And of course, the flip side, the unnerving, insecure question: as the designer, am I prone to be more in favor of a design choice because I thought of it, and I know what my intention was? Will I fight for a bad idea simply because it is mine?

Chime in, please.


About toxicbag

Toxic Bag Productions, Inc. provides sound effects and music for independent films, animated shorts, theatrical productions, dance performances, podcasts and video games. They work out of their studio on the north side of Chicago.

Posted on September 8, 2009, in Film and tagged , , , , , , , . Bookmark the permalink. 4 Comments.

  1. As a designer and a director, I think that Zach Snyder is a baboon and should be prevented from ever making movies again. Ever!

    Zach Snyder = http://en.wikipedia.org/wiki/Baboon

  2. Here’s my rambling reaction, for what it’s worth.

    Just my personal philosophy as a director: my task is to do my best to be the eyes and ears of the audience encountering the piece for the first time as it develops- while it is difficult to accurately enter that mindset of ‘as if was the first time’ after the umpteenth time you’re watching a scene unfold, that mentzl zone is still one of the most important things a director can strive for.

    When I listen to a soundscape or am confronted with any other design choice, I do my best to mentally weave that in to the other elements- to create in my mind the effect of unexpectedly encountering that element that as part of the experience on an audience member. If I were in the audience watching or listening to this, would it confuse me? Does it jolt me out of the action? Basically, does it make my inner audience member murmur dubiously, “…I dunno…”- or does it make me say “yes, exactly!”

    I have had situations occur where a design choice trips my “this is an unfortunate and/or confusing design choice” alarm even though the designer was really in favor of it. It’s a delicate situation- every designer takes their creative process just as seriously as you take yours, and can very easily beome defensive or huffy, which helps no one. I try to be nice, but finally there has to be a captain to the ship, and a director’s ultimate responsibility is to the intended audience (admittedly something of an imaginary construct) and not to any individual designer (or performer, for that matter). That said, there are ways to lay down the law about something like this without being a total asshole.

    But does explaining it in advance stop a director from having the “I dunno….” reaction? I would say not, unless the explanation is freakin’ genius. Directors (or, at least, this director) tend to go with their gut reaction to a design element, not the choice that’s the most rationally defensible. And some designers really don’t do themselves any favors with their sales pitch. I’ve had situations where a designer’s attempt to explain a choice to me at length before showing it to me has actually turned me off to a choice- it sets off my dubious alert before I even see the element (in the case I’m thinking of, the explanation was scaring and frustrating me (‘What the hell is this guy thinking? We aren’t on the same page at all. Am I going to have to fire him?’), but then I saw the actual element, instead of just having it described to me and was all like, “oooooohhhhhh– yeah, that will work fine.”)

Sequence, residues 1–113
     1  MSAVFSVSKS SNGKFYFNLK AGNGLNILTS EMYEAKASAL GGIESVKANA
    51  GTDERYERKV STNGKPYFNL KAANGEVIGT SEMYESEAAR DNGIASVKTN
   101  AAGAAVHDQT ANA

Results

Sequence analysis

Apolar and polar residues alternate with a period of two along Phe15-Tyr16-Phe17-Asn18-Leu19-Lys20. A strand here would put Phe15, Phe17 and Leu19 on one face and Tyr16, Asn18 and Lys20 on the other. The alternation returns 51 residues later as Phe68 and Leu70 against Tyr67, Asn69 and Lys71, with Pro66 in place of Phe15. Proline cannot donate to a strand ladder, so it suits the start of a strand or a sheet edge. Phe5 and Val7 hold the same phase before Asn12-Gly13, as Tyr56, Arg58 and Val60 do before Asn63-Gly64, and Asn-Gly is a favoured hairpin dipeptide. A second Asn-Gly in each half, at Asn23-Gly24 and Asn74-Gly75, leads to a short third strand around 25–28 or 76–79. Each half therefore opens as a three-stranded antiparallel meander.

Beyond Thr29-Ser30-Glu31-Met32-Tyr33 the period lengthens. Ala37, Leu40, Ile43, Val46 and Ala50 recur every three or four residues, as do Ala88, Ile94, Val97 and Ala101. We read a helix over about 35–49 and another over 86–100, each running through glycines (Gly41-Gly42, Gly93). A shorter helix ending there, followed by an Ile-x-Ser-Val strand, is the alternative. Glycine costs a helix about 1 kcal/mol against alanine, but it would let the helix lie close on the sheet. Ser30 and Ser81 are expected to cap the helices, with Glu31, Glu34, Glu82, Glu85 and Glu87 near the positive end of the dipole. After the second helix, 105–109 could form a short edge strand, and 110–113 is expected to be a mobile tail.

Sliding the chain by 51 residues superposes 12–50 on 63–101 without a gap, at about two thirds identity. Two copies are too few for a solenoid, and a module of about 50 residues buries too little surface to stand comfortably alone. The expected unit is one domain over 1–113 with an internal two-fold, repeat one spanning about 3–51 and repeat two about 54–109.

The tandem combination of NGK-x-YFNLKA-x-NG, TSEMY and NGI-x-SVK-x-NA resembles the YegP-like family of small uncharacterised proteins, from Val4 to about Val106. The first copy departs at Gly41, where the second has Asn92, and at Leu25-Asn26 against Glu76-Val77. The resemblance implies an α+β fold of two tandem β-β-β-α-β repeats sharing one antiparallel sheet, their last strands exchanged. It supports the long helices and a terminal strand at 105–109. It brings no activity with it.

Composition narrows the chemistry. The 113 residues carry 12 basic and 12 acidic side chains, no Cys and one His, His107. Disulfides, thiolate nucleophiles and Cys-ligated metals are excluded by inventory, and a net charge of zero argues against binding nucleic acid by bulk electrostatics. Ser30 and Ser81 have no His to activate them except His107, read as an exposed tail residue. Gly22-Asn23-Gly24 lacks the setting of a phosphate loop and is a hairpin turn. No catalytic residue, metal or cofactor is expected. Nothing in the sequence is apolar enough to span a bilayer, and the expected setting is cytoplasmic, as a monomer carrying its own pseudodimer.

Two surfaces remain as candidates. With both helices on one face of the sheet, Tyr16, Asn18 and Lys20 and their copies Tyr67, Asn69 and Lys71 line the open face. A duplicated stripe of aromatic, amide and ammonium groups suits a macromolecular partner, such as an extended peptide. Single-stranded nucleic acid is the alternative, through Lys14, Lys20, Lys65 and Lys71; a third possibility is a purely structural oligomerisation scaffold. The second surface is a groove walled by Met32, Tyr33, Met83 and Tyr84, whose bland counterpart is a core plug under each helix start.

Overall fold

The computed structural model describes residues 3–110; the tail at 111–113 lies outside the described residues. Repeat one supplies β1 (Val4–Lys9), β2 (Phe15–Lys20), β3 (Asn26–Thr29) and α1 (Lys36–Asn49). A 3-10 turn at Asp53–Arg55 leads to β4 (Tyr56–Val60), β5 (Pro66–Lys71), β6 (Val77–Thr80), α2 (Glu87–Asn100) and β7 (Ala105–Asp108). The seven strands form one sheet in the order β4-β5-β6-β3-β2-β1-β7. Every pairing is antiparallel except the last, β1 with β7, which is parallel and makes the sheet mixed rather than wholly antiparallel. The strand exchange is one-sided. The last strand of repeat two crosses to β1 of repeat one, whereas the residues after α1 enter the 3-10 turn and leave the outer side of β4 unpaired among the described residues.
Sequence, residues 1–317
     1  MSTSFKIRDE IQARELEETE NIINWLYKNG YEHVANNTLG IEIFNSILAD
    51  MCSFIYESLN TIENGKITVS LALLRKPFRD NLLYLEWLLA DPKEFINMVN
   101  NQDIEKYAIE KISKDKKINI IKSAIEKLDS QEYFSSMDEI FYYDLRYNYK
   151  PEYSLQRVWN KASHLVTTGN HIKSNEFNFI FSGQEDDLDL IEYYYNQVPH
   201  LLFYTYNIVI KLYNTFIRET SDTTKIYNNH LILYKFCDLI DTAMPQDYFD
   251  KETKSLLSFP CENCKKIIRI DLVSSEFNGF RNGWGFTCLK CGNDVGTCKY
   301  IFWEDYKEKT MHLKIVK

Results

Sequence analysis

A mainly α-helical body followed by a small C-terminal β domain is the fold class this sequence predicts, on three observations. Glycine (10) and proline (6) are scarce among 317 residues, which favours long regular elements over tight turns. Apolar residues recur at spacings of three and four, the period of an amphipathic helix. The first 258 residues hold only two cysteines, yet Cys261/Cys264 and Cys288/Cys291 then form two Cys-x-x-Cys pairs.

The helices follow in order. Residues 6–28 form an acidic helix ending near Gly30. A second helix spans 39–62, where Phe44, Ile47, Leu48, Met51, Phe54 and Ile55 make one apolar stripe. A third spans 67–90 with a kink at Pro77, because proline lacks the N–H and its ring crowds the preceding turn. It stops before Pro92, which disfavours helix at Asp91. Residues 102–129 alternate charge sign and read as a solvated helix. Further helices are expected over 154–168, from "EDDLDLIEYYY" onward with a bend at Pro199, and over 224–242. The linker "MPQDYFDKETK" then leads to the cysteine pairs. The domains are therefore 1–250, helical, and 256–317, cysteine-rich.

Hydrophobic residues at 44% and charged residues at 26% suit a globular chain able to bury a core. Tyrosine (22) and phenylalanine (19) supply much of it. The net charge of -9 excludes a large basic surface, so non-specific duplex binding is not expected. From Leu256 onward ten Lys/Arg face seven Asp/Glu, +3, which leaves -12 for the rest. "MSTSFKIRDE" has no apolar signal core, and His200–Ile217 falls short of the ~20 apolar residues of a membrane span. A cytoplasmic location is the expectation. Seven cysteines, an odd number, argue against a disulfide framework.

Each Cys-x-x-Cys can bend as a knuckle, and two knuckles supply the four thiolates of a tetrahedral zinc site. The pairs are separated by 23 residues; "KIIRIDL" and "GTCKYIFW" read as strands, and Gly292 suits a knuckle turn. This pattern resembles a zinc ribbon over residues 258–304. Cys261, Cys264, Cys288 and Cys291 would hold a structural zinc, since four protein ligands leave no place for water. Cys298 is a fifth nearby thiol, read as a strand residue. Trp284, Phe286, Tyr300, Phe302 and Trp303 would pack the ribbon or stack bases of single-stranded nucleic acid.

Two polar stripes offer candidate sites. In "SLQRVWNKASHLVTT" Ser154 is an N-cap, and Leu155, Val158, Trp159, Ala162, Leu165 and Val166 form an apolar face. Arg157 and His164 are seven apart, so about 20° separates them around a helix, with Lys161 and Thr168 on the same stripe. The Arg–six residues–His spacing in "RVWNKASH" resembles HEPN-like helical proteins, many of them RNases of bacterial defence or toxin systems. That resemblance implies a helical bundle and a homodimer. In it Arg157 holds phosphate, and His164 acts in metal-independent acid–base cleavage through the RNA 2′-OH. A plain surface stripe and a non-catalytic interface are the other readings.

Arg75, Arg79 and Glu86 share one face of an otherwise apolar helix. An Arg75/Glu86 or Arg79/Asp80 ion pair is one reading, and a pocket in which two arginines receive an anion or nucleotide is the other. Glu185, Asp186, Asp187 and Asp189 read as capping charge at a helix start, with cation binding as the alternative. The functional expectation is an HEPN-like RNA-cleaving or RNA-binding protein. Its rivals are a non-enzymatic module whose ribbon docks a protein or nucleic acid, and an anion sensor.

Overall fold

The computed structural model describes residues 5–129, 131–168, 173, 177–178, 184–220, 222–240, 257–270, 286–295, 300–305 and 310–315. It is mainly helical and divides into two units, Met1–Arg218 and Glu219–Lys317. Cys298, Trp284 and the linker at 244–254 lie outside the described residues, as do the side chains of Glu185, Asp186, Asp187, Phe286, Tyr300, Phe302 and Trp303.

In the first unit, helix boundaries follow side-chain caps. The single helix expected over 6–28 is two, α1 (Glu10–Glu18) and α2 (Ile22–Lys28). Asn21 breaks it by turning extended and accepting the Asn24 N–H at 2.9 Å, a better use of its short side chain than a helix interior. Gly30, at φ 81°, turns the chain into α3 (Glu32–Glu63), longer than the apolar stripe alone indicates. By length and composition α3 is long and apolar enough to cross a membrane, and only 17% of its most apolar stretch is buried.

3. ahhh..interesting….
    As an artist, I just ‘hit play’……up to *you* to soak up all that’s there — and if you ask, i’ll fill in the blanks. I like this method best. Same goes for sound, hit play, be creative…if it doesnt work, you’ll hear about it. Because you’re intermixing art formats: visuals and sound and text/words — i think you have to just hit play and see if it translates. I dont think design-wise you need to explain yourself — see if it translates first.
    Personally….and this may be due to the blonde..films go wayyyy too fast for me to absorb every freakin’ artistic element anyway — so having a “thwacky” (good choice of word) in-your-face sound element, is necessary for some of us 🙂

  4. Ed–all good points, and I completely agree that the director has to be the last word on design choices. It’s up to the individual designer how much to fight for ideas s/he really thinks are going to work, but ultimately what the director says, goes, whether the designer agrees with it or not. I tend to go into tech assuming that a certain percent of the cues I’ve built will be cut, and try to go in with some detachment.

    The only time it really bugs me is when directors kill an idea before actually hearing what it’s intended to sound like, either because the cue was fired at the wrong time initially, or the balance wasn’t just right quite yet. That can be frustrating.

    T–you’re probably right, either it works or it doesn’t. And the audience isn’t going to be able to hear my brilliant explanation in advance. Just hit play–I like that.